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The coming depression blog | February 12, 2016

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Household Net Worth: The “Real” Story

Note from dshort: With today’s release of the Fed Flow of Funds for Q4 2011, I have updated this commentary to reflect the latest data.

A quick glance at the complete quarterly data series in linear chart suggests a bubble in net worth that peaked in Q2 2007 with a trough in Q1 2009, the same quarter that the markets bottomed. The latest Fed balance sheet shows a total net worth that is 15.9% above the 2009 trough but still 12.5% below the 2007 peak. The positive news in the Q4 balance sheet is that real total net worth has increased 2.1% from Q3 of 2011, although the year-over-year number is a fractional decline of 0.6%.

But there are problems with this analysis. Over the six decades of this data series, total net worth has grown by 5000%. A linear vertical scale on the chart above is misleading in its failure to provide an accurate visual illustration of growth over time. It also gives an exaggerated dimension to the bubble that began in 2002.

But there is another problem, one that has to do with the data itself rather than the method of display. Over the same time frame that net worth grew 5000%, the value of the 1951 dollar shrank to about 10.5 cents. The Federal Reserve gives us the nominal value of total net worth, which is significantly skewed by money illusion. Here is my own log scale chart adjusted for inflation using the Consumer Price Index.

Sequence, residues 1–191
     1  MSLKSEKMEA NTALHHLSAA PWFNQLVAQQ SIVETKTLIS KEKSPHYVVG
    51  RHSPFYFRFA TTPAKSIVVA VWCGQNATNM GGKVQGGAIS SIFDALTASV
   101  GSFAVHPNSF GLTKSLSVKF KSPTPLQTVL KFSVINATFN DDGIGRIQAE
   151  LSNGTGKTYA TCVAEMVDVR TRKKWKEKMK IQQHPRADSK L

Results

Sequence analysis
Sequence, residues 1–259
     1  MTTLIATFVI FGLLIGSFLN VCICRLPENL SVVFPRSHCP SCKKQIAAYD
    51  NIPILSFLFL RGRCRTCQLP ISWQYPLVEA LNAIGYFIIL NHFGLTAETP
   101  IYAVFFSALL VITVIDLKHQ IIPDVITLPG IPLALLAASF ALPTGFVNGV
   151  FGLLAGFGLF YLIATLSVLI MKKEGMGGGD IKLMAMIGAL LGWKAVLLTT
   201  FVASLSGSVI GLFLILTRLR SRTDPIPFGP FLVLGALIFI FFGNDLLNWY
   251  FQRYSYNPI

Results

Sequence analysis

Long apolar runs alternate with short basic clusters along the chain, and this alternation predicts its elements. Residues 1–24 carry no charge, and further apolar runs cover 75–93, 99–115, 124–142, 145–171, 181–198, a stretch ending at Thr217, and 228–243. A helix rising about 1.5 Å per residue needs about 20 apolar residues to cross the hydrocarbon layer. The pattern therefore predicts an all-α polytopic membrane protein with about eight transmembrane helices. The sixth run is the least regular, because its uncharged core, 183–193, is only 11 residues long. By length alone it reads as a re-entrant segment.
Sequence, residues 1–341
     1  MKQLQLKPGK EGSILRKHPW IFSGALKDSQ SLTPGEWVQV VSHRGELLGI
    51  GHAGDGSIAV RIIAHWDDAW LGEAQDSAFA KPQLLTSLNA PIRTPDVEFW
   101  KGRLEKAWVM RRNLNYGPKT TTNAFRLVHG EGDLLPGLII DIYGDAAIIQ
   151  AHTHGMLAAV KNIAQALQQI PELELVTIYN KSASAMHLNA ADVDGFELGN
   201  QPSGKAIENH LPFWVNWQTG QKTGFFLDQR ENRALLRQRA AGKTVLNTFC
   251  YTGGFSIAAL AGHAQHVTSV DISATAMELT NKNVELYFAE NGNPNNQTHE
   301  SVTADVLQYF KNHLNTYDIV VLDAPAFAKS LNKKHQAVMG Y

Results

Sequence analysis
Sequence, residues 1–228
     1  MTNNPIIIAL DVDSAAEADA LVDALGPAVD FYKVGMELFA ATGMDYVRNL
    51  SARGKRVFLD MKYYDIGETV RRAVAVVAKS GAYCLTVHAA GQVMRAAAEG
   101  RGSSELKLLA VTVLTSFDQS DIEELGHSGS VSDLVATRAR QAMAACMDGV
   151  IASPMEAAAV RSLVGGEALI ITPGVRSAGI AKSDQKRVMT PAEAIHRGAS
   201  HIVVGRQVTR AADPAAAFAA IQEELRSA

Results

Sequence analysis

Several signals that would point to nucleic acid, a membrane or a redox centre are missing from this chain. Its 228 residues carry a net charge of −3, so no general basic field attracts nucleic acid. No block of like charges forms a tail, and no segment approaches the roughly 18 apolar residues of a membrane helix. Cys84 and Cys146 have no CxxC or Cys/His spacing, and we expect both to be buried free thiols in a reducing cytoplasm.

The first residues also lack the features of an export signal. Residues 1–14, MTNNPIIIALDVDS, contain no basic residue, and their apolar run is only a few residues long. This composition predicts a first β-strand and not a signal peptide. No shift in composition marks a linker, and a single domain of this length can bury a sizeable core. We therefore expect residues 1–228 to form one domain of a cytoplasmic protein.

Let’s now zoom in for a closer look at the period since 1980. I’ve added some callouts to highlight where we are currently with regard to the all-time peak and 2009 trough.

So now let’s compare the nominal and real statistics for the peak-to-trough and recovery-to-date.

  • Peak: The nominal peak occurred in Q2 2007; the real peak occurred in Q1 2007.
  • Trough: The nominal and real troughs occurred in Q1 2009. The nominal peak-to-trough decline was 24.5%. The real decline was 26.7%.
  • Recovery to date: The latest Flow of Funds report shows a nominal recovery of 15.9% off the trough. The real recovery is 8.6%.
  • Quarter-over-quarter: Nominal total net worth in Q4 increased 2.1% from Q3. The real increase was 2.2%.
  • Year-over-Year: Nominal total net worth in Q4 declined 0.6% from Q3. The real decline was 3.8%.
  • We’ll take another look at the nominal and real numbers after the release of the Q1 Flow of Funds data on June 7th.

Note: I’ve referred to this data series as “household” net worth. But, as I show in the chart titles, it also includes the net worth of nonprofit organizations. The ratio of two isn’t clearly defined in the Fed data, and it obviously varies by asset and liability component. I’ve seen estimates that the nonprofit component is around six percent of the total net worth.

One easy (and rather illuminating) point of comparison in the Flow of Funds data is the relative share of real estate at market value (B.100 lines 3,4, and 5). In the latest report, nonprofit organizations hold 6.2% of combined household and nonprofit real estate. That percentage in the quarterly data has ranged from a high of 9.2% in 1974 to a low of 4.0% in Q4 2004, a few of quarters before the peak in the residential real estate bubble.



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